A Will triggers the probate process. The parameters vary by state but in Minnesota, probate occurs when the decedent owns $50,000 or more of assets or any real estate. Probate is a court supervised process. In Minnesota it takes 12-18 months on average to complete. Court and attorney fees cost, on average, 2-3 percent of the estate value. The process is also open to the public in that anyone can obtain a copy of the decedent's probate records by requesting copies from the decedent's county of residence. These records list the decedent's assets and their value on the date of death. Within the Will, an individual can list how they want their assets distributed upon their death. They can also list a guardian and conservator if they have minor children. Upon death, the decedent's assets receive an increase in basis to fair market value. A Will does not allow for protection of assets from lawsuits and other adverse actions nor does it allow an individual to do disability planning.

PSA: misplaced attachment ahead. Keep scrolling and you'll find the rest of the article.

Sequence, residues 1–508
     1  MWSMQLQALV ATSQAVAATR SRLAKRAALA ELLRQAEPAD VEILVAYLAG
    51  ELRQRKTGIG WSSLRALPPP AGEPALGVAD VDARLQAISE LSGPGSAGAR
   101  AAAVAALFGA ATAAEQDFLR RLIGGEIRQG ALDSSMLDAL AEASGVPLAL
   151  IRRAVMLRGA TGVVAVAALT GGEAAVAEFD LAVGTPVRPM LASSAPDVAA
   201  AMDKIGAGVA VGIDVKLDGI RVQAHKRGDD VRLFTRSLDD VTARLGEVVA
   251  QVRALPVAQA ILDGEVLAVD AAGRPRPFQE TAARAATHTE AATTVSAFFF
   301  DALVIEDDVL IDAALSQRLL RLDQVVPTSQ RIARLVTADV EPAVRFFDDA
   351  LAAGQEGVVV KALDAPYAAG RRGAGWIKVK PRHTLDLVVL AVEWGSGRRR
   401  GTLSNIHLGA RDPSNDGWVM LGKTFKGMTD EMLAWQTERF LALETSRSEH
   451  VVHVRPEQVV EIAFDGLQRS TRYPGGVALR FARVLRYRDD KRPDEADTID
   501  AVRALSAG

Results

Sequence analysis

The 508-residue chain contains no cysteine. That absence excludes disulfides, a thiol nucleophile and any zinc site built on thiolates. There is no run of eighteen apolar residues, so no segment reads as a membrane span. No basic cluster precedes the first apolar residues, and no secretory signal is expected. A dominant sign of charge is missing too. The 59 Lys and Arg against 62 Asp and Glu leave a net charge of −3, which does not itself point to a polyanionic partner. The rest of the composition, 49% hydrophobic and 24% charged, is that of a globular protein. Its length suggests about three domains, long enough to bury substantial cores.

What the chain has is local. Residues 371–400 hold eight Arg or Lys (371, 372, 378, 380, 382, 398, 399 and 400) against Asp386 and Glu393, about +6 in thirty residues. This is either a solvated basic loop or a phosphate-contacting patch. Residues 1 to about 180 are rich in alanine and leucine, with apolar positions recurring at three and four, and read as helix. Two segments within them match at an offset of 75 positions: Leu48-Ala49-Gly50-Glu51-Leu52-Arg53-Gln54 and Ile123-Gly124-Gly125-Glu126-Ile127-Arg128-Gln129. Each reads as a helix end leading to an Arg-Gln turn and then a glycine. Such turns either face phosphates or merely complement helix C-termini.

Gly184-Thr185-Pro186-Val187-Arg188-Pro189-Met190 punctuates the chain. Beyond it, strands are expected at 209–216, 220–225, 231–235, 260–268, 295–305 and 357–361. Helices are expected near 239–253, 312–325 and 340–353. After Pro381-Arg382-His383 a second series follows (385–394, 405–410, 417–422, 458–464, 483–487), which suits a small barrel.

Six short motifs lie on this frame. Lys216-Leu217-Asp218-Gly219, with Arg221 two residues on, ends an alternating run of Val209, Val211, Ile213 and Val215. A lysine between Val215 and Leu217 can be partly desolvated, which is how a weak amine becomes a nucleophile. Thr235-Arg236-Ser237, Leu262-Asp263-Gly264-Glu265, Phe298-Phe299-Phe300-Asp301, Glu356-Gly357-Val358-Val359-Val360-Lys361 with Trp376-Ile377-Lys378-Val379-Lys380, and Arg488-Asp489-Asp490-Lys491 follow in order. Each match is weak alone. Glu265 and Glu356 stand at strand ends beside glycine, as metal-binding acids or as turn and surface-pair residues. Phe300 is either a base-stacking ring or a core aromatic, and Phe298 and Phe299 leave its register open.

Assets in a revocable living trust do not go through the probate process and therefore are closed to the public. The trust must go through an administrative phase to distribute assets but this process takes much less time and generally costs much less than probate. Think of a revocable living trust as a bucket. You place all your farm and non-farm assets into this bucket. You still own the assets so you can add assets to the trust or take assets out and sell or trade them. There is no change in your tax status. Upon your death, the assets receive an increase in basis and pass to your heirs as directed in the trust document. A revocable living trust also allows you to pass assets to an heir via a "protected trust" which shelters the assets from lawsuits and other adverse actions. The trust also enables an individual to do disability planning, a process whereby you outline how you want to be cared for in the event of a disability or incapacitation. A key step in establishing a trust is "funding" the trust. That is, titling all assets with a title into the name of the trust. If this is not done, the assets are required to pass through the probate process. The revocable living trust can allow for much more flexibility in your personal estate planning than does a Will.